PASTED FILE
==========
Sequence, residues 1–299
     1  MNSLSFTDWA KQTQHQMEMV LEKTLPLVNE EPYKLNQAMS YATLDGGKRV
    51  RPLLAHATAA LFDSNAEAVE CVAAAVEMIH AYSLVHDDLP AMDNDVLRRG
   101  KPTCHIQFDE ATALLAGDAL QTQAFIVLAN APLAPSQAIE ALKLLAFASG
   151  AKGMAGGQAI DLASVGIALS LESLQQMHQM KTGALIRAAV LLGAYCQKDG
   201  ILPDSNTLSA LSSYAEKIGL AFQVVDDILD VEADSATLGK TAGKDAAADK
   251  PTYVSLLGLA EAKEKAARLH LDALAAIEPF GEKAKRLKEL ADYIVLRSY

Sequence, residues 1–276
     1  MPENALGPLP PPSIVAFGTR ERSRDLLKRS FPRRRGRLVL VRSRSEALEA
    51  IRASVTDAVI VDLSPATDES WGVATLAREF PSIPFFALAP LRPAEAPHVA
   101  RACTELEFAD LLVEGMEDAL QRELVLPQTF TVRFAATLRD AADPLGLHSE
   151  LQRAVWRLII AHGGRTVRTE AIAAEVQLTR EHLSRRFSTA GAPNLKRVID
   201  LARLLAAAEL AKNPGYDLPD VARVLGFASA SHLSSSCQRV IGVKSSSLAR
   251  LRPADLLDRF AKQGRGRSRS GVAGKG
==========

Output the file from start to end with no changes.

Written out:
Sequence, residues 1–299
     1  MNSLSFTDWA KQTQHQMEMV LEKTLPLVNE EPYKLNQAMS YATLDGGKRV
    51  RPLLAHATAA LFDSNAEAVE CVAAAVEMIH AYSLVHDDLP AMDNDVLRRG
   101  KPTCHIQFDE ATALLAGDAL QTQAFIVLAN APLAPSQAIE ALKLLAFASG
   151  AKGMAGGQAI DLASVGIALS LESLQQMHQM KTGALIRAAV LLGAYCQKDG
   201  ILPDSNTLSA LSSYAEKIGL AFQVVDDILD VEADSATLGK TAGKDAAADK
   251  PTYVSLLGLA EAKEKAARLH LDALAAIEPF GEKAKRLKEL ADYIVLRSY

Sequence, residues 1–276
     1  MPENALGPLP PPSIVAFGTR ERSRDLLKRS FPRRRGRLVL VRSRSEALEA
    51  IRASVTDAVI VDLSPATDES WGVATLAREF PSIPFFALAP LRPAEAPHVA
   101  RACTELEFAD LLVEGMEDAL QRELVLPQTF TVRFAATLRD AADPLGLHSE
   151  LQRAVWRLII AHGGRTVRTE AIAAEVQLTR EHLSRRFSTA GAPNLKRVID
   201  LARLLAAAEL AKNPGYDLPD VARVLGFASA SHLSSSCQRV IGVKSSSLAR
   251  LRPADLLDRF AKQGRGRSRS GVAGKG